Don’t label my parenting: struggling with “attachment parenting”

I’ve recently become uncomfortable with the term “attachment parenting”.

It’s tricky because it very much describes what we’re trying to do. Though we do have a routine, we watch our baby and not the clock. We refuse to rush her independence. We respond to her physical and emotional needs quickly. This tends to involve a lot of physical closeness – you could say “attachment”.

(For a solid post on what AP is and isn’t, see The Analytical Armadillo)

What bothers me is that people tend to hear the term “attachment parenting” and get distracted by the practices it lends itself to. I’m talking extended breastfeeding, babywearing, co-sleeping, elimination communication and the like.

While all of these things are useful, they cannot make anyone a better parent. You can wear your baby dawn to dusk and ignore her. You can put you mattress on the floor in committed bedsharing but resent your toddler for changing the way you sleep.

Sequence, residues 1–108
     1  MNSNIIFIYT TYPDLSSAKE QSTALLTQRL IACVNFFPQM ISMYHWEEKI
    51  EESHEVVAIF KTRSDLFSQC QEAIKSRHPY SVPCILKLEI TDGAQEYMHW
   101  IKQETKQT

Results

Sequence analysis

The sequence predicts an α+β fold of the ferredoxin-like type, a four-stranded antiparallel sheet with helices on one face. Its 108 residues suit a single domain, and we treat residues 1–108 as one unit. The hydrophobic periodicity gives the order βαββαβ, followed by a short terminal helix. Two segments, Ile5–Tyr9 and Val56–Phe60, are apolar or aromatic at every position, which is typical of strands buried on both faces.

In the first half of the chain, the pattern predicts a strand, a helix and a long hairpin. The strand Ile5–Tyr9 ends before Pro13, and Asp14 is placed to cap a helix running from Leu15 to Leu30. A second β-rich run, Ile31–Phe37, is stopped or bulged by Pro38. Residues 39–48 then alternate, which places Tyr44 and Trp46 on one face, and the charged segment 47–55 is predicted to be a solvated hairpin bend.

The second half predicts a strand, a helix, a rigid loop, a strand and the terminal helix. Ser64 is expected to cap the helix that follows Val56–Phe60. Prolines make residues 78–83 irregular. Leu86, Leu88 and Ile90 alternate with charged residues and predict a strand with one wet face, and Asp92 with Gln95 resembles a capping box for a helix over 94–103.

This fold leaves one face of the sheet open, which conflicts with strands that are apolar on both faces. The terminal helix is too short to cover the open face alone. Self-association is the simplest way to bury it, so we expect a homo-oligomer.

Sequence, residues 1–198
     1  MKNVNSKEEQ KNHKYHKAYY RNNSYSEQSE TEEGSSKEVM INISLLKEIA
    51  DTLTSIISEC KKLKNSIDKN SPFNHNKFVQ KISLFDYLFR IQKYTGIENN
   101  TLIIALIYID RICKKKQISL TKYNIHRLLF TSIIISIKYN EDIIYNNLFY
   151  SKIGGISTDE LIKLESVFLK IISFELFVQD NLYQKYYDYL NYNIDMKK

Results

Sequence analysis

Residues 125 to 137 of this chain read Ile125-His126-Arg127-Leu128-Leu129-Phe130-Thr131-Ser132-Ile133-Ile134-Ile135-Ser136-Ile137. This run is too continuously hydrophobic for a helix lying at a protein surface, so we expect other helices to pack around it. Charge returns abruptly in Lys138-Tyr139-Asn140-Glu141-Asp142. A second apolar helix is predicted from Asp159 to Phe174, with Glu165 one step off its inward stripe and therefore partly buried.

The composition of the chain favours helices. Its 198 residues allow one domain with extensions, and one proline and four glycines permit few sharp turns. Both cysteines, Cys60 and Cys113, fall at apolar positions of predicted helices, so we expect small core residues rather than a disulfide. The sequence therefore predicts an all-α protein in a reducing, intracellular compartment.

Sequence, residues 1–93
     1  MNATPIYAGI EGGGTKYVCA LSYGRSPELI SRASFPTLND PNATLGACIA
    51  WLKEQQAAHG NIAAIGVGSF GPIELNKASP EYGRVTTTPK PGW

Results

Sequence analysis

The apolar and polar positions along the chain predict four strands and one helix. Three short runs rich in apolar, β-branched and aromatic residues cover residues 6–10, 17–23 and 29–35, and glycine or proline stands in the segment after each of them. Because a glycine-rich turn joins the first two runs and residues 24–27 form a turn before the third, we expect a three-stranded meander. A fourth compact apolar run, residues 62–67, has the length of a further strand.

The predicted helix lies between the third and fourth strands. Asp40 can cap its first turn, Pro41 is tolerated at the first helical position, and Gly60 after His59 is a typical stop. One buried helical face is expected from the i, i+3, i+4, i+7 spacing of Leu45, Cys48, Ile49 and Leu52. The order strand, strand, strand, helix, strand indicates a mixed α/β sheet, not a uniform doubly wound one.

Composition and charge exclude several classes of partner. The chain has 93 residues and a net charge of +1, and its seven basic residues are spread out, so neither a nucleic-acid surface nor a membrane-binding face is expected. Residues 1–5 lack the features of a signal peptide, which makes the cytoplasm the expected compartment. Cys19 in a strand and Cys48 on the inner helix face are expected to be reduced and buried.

You can get caught up in a list of rules and feel self-satisfied about ticking all the boxes. It doesn’t improve your parenting. It only means you’ve found a new religion.

Which is why I understand when people call attachment parenting oppressive. Because if that’s what they’re looking at – the gut healing, natural birthing, homeschooling earth mama who’s pouring all of herself into her children until there’s nothing left, patting herself on the back and pointing the finger at anyone doing less – those ideals put tremendous pressure on parents in general but women in particular.

I’m not saying that any of those things aren’t good. In fact, I hold them in esteem myself. It’s the accompanying pressure, the room for healthy practices to become rules, that concerns me.

It, of course, doesn’t need to be so. Parenting is a shared responsibility, not only between two people but within a society. The reason we find parenting today such hard work is that we’re so isolated from each other. In that isolation, we lose perspective, we lose balance.

(For a discussion of where happiness fits with all this, take a look at PhD in Parenting.)

Yet I do consider myself an attachment parent.

I’ve also sought out others who parent similarly. Of course I’ve got lots of friends who take conflicting approaches but I have needed the support of those who help validate what I’m doing – who remind me that I’m not alone.